Tuesday, 3 November 2015

The Golden Nugget: Why is our load test database so valuable?

Briar Fleming - New Business Engineer

From the outside it might seem like screw piling is reasonably straight forward.  Anyone who has tried it will attest to the fact that it is nowhere near as simple as it looks, and one of the key influencing factors occurs before you even arrive on site – the design of the piles needs to balance load carrying capacity (make the piles bigger and stronger!) versus being able to actually get them in the ground (make the piles smaller and more penetrable!).  This skill is something our specialist design engineers have honed over the many years we’ve been operating in this one field – and are now at a point where they’ve almost seen it all, having even installed screw piles into a coral reef in the Maldives. 

For clients we haven’t worked with before, load testing is an area that can cause confusion and we have written a post on load testing helping to de-mystify the various reasons why we sometimes suggest doing a load test (as it allows a more refined design meaning smaller or fewer piles on the project, thereby bringing the cost of the main piling works down), and other times why the risk profile dictates that a load test is highly recommended (the designer will want to prove a bearing capacity of the ground and the corresponding deflection of the pile).

However whether your project has load testing or not, by working with Piletech you are benefiting from something no other screw pile design company in New Zealand has.  It’s a tech-y name but it is an absolute golden nugget of our business and it is closely guarded.  It is our 17 year old Load Test Database.

To put it very simply, when designing piles you need to take into account the strength of the ground, the strength of the pile, and a factor that correlates the ground strength to the torque required to install the pile.  This ensures the pile won’t break or refuse prematurely whilst being installed to design ground strength.  An example of this correlation is shown in the graph at the end of this post, taken from the upcoming IPENZ Practice Note on screw piles.  This factor is variable and is dependent on the screw pile configuration, depth, and soil characteristics. When Piletech was being established in New Zealand (coming from operating in Australia), one of our five key mandates for best practice was to complete a load test for every project to obtain this correlation factor.  Now, having been in this business for so long, this database of over 1000 load test results often means we can determine this factor without needing to complete a load test. The years and years of experience installing piles gives the designers and an additional nuance giving the piles the best ability to penetrate through the ground.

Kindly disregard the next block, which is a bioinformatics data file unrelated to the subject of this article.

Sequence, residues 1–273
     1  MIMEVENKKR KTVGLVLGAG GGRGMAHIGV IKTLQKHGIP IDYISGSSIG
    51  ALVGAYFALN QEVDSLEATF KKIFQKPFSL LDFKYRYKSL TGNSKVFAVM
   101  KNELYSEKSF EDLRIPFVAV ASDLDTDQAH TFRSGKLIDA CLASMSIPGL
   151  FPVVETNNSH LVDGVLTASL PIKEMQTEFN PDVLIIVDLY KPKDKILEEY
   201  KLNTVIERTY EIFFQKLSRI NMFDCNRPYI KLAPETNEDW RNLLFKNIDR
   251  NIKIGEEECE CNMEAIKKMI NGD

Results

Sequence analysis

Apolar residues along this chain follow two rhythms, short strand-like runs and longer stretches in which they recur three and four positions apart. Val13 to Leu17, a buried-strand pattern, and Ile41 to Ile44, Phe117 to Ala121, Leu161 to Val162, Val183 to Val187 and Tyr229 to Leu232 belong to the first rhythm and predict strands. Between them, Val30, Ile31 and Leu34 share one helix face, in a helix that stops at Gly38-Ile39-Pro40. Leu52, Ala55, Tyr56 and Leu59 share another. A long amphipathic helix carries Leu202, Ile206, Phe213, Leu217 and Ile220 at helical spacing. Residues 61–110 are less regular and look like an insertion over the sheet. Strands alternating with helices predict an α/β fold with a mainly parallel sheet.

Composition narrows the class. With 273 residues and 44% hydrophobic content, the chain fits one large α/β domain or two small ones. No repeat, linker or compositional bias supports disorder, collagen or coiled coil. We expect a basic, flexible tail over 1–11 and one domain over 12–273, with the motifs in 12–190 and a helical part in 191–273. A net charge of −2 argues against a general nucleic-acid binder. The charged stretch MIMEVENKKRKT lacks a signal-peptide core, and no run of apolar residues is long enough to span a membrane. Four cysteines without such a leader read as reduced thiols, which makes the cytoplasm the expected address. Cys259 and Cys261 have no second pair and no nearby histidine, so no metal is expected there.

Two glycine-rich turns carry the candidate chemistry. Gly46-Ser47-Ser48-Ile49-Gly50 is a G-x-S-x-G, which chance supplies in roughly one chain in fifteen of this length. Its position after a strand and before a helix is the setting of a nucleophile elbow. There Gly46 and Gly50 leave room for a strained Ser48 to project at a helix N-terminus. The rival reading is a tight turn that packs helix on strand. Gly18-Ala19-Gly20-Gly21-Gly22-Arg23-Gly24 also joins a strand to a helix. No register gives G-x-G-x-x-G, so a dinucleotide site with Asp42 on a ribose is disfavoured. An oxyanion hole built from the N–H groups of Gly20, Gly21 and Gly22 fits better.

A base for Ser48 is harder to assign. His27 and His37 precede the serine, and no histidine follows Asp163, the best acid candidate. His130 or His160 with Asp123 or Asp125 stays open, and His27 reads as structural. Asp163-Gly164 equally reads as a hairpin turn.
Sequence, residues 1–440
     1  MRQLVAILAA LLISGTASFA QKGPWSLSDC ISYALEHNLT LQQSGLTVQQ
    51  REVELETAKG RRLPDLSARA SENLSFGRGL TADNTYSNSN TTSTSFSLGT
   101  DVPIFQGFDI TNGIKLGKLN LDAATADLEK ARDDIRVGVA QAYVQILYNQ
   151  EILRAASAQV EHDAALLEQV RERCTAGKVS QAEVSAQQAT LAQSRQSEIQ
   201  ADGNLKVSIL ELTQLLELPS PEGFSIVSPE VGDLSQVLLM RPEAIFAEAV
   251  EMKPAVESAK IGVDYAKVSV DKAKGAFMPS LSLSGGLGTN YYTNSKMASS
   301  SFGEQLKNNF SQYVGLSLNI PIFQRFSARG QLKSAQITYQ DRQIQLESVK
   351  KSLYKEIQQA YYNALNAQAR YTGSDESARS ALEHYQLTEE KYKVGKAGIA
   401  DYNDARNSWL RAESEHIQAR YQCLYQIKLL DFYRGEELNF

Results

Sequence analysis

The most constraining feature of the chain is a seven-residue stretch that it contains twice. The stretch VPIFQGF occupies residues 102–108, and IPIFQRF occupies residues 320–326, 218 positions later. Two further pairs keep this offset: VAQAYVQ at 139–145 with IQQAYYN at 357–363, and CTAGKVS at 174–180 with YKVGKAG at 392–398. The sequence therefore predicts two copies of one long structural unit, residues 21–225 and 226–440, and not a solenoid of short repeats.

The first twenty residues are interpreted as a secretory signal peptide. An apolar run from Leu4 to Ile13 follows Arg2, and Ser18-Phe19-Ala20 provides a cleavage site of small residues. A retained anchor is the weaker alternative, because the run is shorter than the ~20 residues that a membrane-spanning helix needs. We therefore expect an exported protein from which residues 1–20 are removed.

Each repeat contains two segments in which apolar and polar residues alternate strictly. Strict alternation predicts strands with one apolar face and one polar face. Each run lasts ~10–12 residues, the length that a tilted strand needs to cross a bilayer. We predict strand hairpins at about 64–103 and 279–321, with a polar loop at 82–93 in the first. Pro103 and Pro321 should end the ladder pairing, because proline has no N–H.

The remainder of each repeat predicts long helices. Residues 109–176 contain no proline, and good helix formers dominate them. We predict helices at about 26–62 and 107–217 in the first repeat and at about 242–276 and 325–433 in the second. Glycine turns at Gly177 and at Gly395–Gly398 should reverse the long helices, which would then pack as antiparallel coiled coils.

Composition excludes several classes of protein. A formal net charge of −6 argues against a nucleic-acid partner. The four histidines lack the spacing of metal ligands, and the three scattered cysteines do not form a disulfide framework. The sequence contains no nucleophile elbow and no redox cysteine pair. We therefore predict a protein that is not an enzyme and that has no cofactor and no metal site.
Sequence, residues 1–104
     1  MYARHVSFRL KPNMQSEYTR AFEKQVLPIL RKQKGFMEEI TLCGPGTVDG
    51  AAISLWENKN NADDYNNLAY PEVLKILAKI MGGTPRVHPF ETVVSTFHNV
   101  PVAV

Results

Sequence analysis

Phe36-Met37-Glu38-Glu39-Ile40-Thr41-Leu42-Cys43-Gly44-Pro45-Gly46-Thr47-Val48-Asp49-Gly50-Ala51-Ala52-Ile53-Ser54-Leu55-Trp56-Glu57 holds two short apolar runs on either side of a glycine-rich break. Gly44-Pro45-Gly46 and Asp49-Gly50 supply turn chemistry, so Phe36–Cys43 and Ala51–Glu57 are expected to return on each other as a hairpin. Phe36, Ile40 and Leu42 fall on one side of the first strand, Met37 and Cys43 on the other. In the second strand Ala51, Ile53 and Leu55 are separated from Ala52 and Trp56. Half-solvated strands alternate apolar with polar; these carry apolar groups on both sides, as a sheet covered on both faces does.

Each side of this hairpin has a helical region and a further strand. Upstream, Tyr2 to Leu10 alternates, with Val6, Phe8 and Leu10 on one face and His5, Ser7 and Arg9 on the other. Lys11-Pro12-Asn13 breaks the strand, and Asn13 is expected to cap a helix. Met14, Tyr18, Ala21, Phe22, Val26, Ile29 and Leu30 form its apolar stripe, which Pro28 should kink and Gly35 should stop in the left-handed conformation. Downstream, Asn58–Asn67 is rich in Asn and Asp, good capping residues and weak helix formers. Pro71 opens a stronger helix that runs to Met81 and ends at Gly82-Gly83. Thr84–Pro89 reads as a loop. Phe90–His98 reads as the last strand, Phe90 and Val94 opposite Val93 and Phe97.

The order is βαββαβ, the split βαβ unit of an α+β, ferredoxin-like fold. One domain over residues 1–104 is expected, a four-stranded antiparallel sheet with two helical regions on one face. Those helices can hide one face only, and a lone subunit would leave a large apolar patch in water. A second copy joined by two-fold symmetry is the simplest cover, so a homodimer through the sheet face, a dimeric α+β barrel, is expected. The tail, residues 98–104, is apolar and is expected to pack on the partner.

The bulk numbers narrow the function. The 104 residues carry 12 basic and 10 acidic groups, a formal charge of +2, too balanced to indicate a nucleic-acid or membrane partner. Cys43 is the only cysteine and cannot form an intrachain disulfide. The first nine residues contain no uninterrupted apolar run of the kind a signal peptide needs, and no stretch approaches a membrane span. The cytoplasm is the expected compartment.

Again, it’s the balance between making the pile strong enough, whilst also able to penetrate that is one of the key areas that takes screw piling from being pure science, into the area of art.  This very valuable load test database cumulated over 17 years sits behind every design we undertake and gives the client confidence they are getting a cost effective and trustworthy foundation solution for their project – we’re not called the screw pile specialists for nothing.